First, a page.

This would involve a fundamental shift in the way UK broadcasting is regulated, away from the current framework which is designed to take appropriate account of the right to freedom of expression.

Whilst it is absolutely vital that Government works in partnership with individuals and organisations to do all it can to ensure that society is protected from extremism, it must also continue to protect the right to freedom of expression and ensure that these proposals do not restrict or prevent legitimate and lawful comment or debate.

Cameron last week outlined plans to fast-track powers to tackle radicalisation, including a commitment to give Ofcom a strengthened role in taking action against channels which broadcast extremist content, alongside banning and disruption orders for people who seek to radicalise others or use hate speech in public. It is not clear whether the Government has revisited May’s plans since taking office, or whether they could be included in next week’s Queen’s Speech.

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See article from dailymail.co.uk

Theresa MayHate preachers will be banned from British television, Theresa May signalled last night.

The Home Secretary condemned the BBC and other broadcasters for interviewing disgusting extremist cleric Anjem Choudary after the murder of soldier Lee Rigby. May said she will ask TV censor Ofcom to step in.

Under plans to be drawn up by a new task force on extremism, Ofcom is expected to be given powers to stop hate preachers appearing on television. At the moment the censor has the power to intervene only after an inappropriate broadcast has been made.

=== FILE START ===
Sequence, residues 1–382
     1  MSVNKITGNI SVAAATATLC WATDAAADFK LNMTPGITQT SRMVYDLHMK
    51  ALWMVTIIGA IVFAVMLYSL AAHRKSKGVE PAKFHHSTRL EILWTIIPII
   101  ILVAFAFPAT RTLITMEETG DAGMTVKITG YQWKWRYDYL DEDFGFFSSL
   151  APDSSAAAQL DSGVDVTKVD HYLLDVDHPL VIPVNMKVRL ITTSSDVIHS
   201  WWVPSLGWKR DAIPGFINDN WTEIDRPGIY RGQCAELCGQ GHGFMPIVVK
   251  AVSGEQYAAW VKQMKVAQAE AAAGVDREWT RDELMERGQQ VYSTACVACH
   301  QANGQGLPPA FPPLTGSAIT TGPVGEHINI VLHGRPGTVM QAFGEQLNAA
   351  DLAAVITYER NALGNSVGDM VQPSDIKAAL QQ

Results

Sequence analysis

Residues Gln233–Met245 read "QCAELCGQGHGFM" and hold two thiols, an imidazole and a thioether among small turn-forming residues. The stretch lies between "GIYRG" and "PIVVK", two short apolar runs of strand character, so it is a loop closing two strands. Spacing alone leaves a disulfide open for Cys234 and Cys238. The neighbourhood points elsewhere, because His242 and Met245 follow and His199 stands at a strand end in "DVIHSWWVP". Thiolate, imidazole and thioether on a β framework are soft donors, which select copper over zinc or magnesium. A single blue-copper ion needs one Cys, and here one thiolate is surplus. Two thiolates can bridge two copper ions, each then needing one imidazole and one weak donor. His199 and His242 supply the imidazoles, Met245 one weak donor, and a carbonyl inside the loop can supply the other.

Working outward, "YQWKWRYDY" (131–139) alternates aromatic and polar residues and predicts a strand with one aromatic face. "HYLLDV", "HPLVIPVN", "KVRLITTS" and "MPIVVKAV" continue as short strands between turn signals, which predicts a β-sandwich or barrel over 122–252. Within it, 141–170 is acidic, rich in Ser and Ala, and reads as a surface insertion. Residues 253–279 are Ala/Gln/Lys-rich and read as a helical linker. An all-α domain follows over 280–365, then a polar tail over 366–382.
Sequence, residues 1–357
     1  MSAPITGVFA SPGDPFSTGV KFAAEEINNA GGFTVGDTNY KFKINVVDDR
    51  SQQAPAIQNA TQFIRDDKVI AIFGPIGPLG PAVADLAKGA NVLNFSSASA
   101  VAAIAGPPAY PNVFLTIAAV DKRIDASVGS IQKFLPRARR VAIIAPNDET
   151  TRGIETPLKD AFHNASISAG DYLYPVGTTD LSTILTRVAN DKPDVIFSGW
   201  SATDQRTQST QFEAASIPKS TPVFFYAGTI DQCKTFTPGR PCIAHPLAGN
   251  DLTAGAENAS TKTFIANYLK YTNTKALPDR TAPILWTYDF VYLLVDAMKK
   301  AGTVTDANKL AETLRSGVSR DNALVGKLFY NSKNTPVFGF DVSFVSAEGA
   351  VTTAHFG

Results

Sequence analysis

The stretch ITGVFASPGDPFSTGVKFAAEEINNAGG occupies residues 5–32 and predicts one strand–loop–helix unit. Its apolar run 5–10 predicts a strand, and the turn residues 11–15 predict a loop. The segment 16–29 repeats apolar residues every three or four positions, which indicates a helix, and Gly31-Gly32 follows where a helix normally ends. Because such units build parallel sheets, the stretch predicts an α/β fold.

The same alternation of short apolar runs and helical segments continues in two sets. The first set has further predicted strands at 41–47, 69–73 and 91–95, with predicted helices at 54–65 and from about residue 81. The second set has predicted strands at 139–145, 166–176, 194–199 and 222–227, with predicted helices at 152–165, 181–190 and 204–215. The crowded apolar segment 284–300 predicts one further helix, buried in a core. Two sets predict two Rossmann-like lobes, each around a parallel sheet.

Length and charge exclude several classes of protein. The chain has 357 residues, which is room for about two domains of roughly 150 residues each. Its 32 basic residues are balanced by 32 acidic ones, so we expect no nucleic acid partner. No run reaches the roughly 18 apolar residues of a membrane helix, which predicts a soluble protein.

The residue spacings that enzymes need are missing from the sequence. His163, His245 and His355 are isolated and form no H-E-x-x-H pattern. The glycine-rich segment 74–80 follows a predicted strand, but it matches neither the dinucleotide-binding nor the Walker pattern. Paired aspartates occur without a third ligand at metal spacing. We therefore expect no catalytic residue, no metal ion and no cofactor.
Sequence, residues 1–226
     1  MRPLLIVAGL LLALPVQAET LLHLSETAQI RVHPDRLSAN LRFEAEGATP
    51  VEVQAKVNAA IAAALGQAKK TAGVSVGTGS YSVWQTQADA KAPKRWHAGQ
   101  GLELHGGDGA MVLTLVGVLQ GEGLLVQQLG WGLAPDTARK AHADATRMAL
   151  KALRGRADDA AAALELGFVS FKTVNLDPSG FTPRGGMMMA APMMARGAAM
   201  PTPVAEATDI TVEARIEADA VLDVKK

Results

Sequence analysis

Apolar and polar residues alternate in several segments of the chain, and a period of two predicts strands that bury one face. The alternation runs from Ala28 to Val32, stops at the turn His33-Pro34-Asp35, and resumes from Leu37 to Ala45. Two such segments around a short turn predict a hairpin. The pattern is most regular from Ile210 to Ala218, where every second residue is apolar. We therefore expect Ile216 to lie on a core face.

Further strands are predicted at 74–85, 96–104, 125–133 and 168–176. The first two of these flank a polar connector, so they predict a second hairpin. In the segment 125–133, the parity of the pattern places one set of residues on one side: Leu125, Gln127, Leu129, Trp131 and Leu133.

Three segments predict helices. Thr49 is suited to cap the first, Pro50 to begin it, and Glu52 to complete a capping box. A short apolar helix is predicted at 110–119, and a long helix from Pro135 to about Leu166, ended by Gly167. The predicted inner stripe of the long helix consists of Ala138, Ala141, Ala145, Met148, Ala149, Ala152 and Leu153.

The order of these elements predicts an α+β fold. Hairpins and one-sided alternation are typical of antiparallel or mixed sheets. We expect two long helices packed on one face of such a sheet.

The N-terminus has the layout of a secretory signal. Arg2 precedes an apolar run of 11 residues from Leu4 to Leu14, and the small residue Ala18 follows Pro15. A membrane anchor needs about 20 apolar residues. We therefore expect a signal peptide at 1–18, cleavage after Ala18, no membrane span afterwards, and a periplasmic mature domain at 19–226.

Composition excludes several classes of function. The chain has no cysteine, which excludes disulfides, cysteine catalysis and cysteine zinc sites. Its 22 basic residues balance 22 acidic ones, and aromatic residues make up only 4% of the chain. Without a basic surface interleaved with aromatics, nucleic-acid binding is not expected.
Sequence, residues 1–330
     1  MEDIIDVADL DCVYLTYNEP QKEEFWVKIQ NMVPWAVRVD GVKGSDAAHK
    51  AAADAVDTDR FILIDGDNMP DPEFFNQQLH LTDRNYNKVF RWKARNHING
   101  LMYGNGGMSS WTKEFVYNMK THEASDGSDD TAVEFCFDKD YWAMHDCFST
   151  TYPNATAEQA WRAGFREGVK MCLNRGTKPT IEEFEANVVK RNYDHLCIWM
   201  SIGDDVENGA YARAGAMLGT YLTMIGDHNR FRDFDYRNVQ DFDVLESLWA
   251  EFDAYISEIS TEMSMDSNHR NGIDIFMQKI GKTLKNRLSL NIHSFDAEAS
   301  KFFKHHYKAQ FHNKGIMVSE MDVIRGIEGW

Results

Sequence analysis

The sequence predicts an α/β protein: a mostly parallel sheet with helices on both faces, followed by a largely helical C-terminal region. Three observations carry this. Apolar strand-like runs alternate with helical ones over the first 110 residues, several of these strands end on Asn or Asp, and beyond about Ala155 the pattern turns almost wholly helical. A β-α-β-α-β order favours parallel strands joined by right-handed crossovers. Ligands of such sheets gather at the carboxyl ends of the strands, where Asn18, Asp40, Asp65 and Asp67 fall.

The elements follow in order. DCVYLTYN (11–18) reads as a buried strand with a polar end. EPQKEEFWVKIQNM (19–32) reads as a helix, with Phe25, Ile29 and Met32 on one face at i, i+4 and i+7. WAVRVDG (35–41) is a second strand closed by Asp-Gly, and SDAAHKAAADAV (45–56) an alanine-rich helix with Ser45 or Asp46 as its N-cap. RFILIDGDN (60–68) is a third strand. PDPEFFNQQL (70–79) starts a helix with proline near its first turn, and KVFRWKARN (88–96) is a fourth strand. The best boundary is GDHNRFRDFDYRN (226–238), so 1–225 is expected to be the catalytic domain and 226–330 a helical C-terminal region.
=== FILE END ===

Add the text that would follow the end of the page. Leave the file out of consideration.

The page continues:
The move is the most dramatic attempt to gag extremist views since the Thatcher government’s 1988 ban on IRA spokesmen being heard on television, which led to the words of Gerry Adams being read out by an actor.

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See article from rapidtvnews.com

Barack Obama

  Censor in Chief

President Barack Obama’s administration apparently likes its entertainment served up family-style: it has asked the US Supreme Court to review a court decision that defanged the FCC’s restrictions on TV profanity and nudity.

In two separate decisions, a federal appeals court in New York ruled that the FCC’s indecency policy was too vague to be applied in two rather blatant situations. One involved the use of ‘fuck’ on an awards shows on the FOX network, and the other concerned full-frontal nudity of a woman on ABC’s NYPD Blue. In both cases, the court ruled that the FCC could not impose fines.

Now, acting US Solicitor General Neal Katyal is filing an appeal to the Supreme Court, saying the precedent now precludes the commission from effectively implementing statutory restrictions on broadcast indecency that the agency has enforced since its creation in 1934.

If the court accepts the case, it will in the coming weeks.

Read more Ofcom Watch at MelonFarmers.co.uk

See survey from babeshows.com

babeshows logoOfcom has recently switched babe channels from being censored as TV programmes to being censored as advertising.

The TV censor has used the more restrictive rules to ban anything even remotely sexual from free to air TV.

Bluebird TV are clearly not impressed by Ofcom’s prudery and have organised a survey of babe channel viewers and will report the findings to Ofcom.

Ofcom need a bit of education in this area, they seem to be continually claiming that the babe channel audience actually want the repressive censorship that Ofcom dishes out.

The survey is very detailed and a bit obtuse at times, but it is the first I have seen that goes beyond the vague wishy washy surveys that you usually get.

…Fill in the survey [Note ignore the misleading links at the top of the page, the link to the survey is in the middle]